Magnets in the News

  1. Magnetic Personality: Wilhelm Weber

    Magnetic Personality: Wilhelm Weber
    Do you know how to measure magnetic flux? The unit of measurement to describe magnetic flux is a “weber.” You may not have known, but this unit is a tribute to Wilhelm Weber, a truly magnetic personality from the early 1800s who had a hand in some of the most significant breakthroughs within magnetism and electricity.  Continue reading →
  2. Magnetic Personalities: Heinrich Hertz

    Magnetic Personalities: Heinrich Hertz
    Anyone who’s taken a science class has heard of “Hertz.” To refresh your memory, Hertz is the unit of frequency, with a cycle per second equally 1 hertz. The man behind the name is Heinrich Rudolf Hertz — a German physicist who discovered radio waves that had a tremendous impact on the world in the 20th century.  Continue reading →
  3. 2020 Magnet News Round-Up

    2020 Magnet News Round-Up
    From using magnets to help social distancing to breakthroughs in magnetic field research— 2020 was an eventful year in the world of magnetic discoveries. In order to celebrate the end of the year, let’s take a look back at some of our favorite magnetic news stories! Continue reading →
  4. Making Digital Technology Faster and More Efficient

    Making Digital Technology Faster and More Efficient
    There’s technology around us that wouldn’t be possible without magnets and their forces. One of the most common examples — memory.  Thanks to magnetism, and the spinning of electrons in one direction or the other, most of the information in the world can be encoded in hard disks or stored in memory drives. Continue reading →
  5. Jellyfish Galaxies and Their Magnetic Fields

    Jellyfish Galaxies and Their Magnetic Fields
    While we know that the magnetic fields in galaxies can contribute to star formation, one type of galaxy has left scientists questioning this fact. So called “jellyfish galaxies' ' fall into the center of a galaxy cluster, which get their name from their jellyfish-like tails. It’s been theorized that the rarified gas of jellyfish tails can also form stars, but research hasn’t been able to confirm this as these galaxies are difficult to study due to their low brightness. That is until now.  Continue reading →
  6. How Magnets Could be Affecting Your Watch

    How Magnets Could be Affecting Your Watch
    With technology all around us, almost everything has a magnet in it nowadays. It’s more than things you’d find at home like fridge magnets, computer speakers, and even your jewelry, though. At the hospital, you’ll find MRI machines filled with magnets and at the airport, there are security scanners and metal detectors. The magnetic fields surrounding our daily lives is stronger than ever before. You may wonder then, how do these magnetic fields interact with each other? Specifically, we’re going to look into if/how magnetization around us can pose a threat to something a lot of people can’t leave home without — a watch.  Continue reading →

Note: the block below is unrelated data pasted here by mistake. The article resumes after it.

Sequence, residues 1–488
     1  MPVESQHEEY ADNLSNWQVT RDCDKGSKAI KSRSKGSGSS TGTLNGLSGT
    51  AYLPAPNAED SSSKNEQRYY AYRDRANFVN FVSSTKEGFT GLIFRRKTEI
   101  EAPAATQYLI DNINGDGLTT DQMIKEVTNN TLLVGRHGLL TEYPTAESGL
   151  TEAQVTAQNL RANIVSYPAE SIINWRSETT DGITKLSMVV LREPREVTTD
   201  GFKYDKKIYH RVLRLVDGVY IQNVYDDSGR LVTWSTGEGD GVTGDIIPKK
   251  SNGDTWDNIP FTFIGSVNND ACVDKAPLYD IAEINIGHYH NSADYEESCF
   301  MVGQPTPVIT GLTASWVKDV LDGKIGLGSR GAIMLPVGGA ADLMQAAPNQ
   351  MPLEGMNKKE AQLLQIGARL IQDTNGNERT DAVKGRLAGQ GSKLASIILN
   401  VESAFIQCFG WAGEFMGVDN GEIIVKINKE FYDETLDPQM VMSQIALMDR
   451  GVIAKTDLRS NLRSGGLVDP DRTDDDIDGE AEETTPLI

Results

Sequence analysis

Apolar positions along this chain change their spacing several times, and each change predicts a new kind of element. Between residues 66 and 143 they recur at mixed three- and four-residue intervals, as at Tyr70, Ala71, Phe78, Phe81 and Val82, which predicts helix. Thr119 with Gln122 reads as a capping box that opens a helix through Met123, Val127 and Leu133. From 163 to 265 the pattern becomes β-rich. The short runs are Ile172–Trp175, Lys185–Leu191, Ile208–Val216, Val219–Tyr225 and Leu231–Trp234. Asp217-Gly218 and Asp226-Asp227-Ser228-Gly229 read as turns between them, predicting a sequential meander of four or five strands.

7. Megatesla Magnetic Field

    Megatesla Magnetic Field
    Most magnetic fields on Earth, even man-made ones, are actually not that strong. For years, experts have been researching strong magnetic fields created in laboratories. However, the magnetic strength of this research has been weak (relatively speaking). For instance — the geomagnetic field that affects compass needles is between 0.3 and 0.5 gauss while MRI technology used in hospitals generally produces fields of around 1 tesla, or 10,000 gauss.  No one has been able to successfully go higher than 1,200 tesla or slightly over 1 kilotesla.  That is, until now-- Continue reading →
  8. A New Magnetoelectric Effect is Showcased in a Crystal

    A New Magnetoelectric Effect is Showcased in a Crystal
    We talk about magnetism and electricity a lot as the two are linked together in many ways — from power lines generating a magnetic field to how magnets are used to generate electricity  (refresh your memory here). Even though it’s a common occurrence for these two to be linked, it’s not uncomplicated as electrical and magnetic properties of certain materials are also coupled with each other. Meaning, the electrical properties can be influenced by a magnetic field and vice versa.  Continue reading →
  9. New Magnetic Imaging Findings

    New Magnetic Imaging Findings
    Magnetic information-storage devices, such as floppy disks, credit card stripes, and hard-disk drives, have been getting smaller as the years go on. This size-reduction has been necessary as it allowed for more bits of data to be integrated into smaller devices. As technologists keep pushing the boundaries of just how much they can increase the storage density of these devices while keeping the devices themselves smaller and smaller, the limitations of this practice are being discovered.  Continue reading →
  10. MagSafe is Being Revived in Apple’s iPhone 12

    MagSafe is Being Revived in Apple’s iPhone 12
    With Apple’s newest iPhone launch, most people are talking about the 5G capabilities and camera quality. What stuck out to us though is their use of magnets!  Now, this isn’t new — we’ve written about Apple’s use of magnets over the years, which you can check out in this blog post here. We also know Apple has harnessed the power of magnets before when it comes to revolutionizing electronics — in 2018, Apple’s iPad Pro had a whopping 102 magnets in it! We got nerdy about that one in this blog post. What’s interesting about this MagSafe technology is that it’s not entirely new — Apple had used it in their Macbooks until 2016. So, why switch back and in the iPhone rather than Macbooks?  Continue reading →

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